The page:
10 Aug Global Medical Device Industry: Solid Growth, with Midwest Companies Leading the Way!
CHICAGO – The Pharmaceutical Drug industry usually has high visibility with consumers in overall healthcare costs although it only represents some 10% of total U.S. healthcare expense to the consumer. The worldwide, and in particular U.S. drug industry sales, have slowed considerably due to an overall slowdown of prescriptions and the impact of blockbuster drug patent expirations and the ensuing launch of generic products.
Another important part of consumer healthcare is the Medical Device industry with some $250+ million in annual sales (versus Pharma’s $700 billion). The Medical Device industry covers a wide spectrum of devices ranging from diagnostics, imaging, dental, surgical, ocular, wound care, orthopedic and cardiovascular devices.
Although there is some overlap in players in the pharma and medical device industries, e.g. companies like Johnson & Johnson, Abbott Labs, Hospira, etc., in general the medical device industry brings to the table a whole different group of players that are often linked to other industries such as consumer electronics and computers (Toshiba, Siemens, Philips), photographic products (Olympus, Agfa), etc.
As convergence has been a big issue recently within the medical device industry, e.g. imaging companies acquiring in vitro and clinical diagnostic companies, the expected convergence between drug and device companies seems to be slowing down, perhaps due to the FDA lack of clarity and action in this area and resultant slower approval times.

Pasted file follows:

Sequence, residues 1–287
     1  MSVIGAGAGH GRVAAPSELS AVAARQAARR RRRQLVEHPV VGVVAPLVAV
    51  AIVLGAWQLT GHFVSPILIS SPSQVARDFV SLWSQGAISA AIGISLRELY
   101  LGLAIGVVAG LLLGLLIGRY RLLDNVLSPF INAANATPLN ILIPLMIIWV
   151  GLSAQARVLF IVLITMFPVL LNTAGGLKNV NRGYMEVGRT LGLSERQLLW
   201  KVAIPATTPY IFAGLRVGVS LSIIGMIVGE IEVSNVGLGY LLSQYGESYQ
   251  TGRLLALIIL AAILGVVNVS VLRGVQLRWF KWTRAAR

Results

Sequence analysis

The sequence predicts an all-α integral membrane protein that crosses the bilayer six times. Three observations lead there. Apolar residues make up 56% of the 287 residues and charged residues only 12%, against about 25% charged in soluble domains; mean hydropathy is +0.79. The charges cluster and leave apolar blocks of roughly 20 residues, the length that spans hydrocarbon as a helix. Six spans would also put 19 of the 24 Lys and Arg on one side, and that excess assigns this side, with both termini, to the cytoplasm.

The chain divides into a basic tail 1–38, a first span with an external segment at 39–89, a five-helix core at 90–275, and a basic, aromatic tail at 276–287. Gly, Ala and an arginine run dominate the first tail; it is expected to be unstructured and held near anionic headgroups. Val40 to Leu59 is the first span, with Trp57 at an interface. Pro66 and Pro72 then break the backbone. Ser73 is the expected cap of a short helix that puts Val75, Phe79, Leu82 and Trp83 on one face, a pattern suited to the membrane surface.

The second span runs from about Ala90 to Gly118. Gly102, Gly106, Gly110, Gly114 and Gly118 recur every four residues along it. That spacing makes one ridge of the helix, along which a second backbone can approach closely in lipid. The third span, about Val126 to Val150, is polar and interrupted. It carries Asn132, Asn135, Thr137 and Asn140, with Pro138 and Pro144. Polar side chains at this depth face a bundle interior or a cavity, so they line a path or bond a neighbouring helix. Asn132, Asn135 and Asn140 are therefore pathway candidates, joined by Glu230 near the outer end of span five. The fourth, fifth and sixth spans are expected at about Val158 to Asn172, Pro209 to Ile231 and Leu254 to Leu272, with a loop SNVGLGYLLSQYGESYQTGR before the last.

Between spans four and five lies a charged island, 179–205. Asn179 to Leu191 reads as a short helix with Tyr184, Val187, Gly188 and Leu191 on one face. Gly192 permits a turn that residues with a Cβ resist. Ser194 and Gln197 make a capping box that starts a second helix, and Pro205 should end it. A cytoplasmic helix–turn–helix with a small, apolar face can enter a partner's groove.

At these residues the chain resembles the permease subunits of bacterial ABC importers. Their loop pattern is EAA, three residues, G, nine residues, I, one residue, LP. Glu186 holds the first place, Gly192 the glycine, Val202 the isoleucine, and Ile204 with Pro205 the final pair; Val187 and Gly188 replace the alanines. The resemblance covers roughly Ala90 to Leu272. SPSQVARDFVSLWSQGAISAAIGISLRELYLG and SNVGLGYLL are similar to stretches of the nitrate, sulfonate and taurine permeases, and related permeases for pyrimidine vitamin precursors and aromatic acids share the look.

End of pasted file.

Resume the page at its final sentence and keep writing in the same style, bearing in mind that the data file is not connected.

A logical question for the medical device industry is: what has the impact of the worldwide recession down to revenue and income of this industry? According to the industry publication Medical Products Outsourcing July/August 2009 edition, 8 out of 10 hospitals in the U.S. (the largest individual country/regional market) have cut their capital expenditures, according to a recent study by the American Hospital Association. Furthermore, the study indicated that 45% of hospitals in the U.S. expected to post first quarter losses.
It gets worse according to this study:
- High-priced products (imaging and robotics) face a difficult environment as purchases have slowed considerably
- Cost-sensitive consumers are delaying or spending less on elective and out-of-pocket procedures (e.g. hip replacements, LASIK surgeries, diabetes-testing, dental)
Within this negative environment, industry sectors such as cardiology and oncology are faring better as these diseases are more life-threatening.
Medical Product Outsourcing does an annual review of the Medical Device industry for 2008, and the leading device companies, that is insightful. Although the sales listed below are principally device-related, they do provide the caveat that these may contain some non-device sales including combination products, drug-delivery, or software or device-related services. Let’s take a look:
Leading Global Medical Device Companies (2008 Revenue)
|2008 Sales ($B)||2007 Sales ($B)||%
|Med Device Sales % of Total Company|
|1. Johnson & Johnson||U.S.||$23.1||$21.7||+7%||36.3%|
|2. GE Healthcare||U.S.||$17.4||$17.0||+2%||39%|
|3. Siemens Healthcare||Germany||$16.1||$14.4||+12%||14.4%|
|4. Cardinal Health||U.S.||$13.7||$5.0||+174%||15%|
|6. Baxter International||U.S.||$12.3||$11.3||+9%||100%|
|7. Philips Healthcare||Netherlands||$10.7||$8.9||+20%||28.9%|
|9. Boston Scientific||U.S.||$8.0||$8.4||<5%>||100%|
|10. Abbott Labs||U.S.||$7.2||$6.3||+14%||24.4%|
|11. Becton Dickinson||U.S.||$7.2||$6.5||+11%||100%|
|13. B. Braun||Germany||$5.3||$5.0||+6%||100%|
|14. St. Jude Medical||U.S.||$4.3||$3.8||+13%||100%|
|15. 3M Healthcare||U.S.||$4.2||$4.0||+5%||16.6%|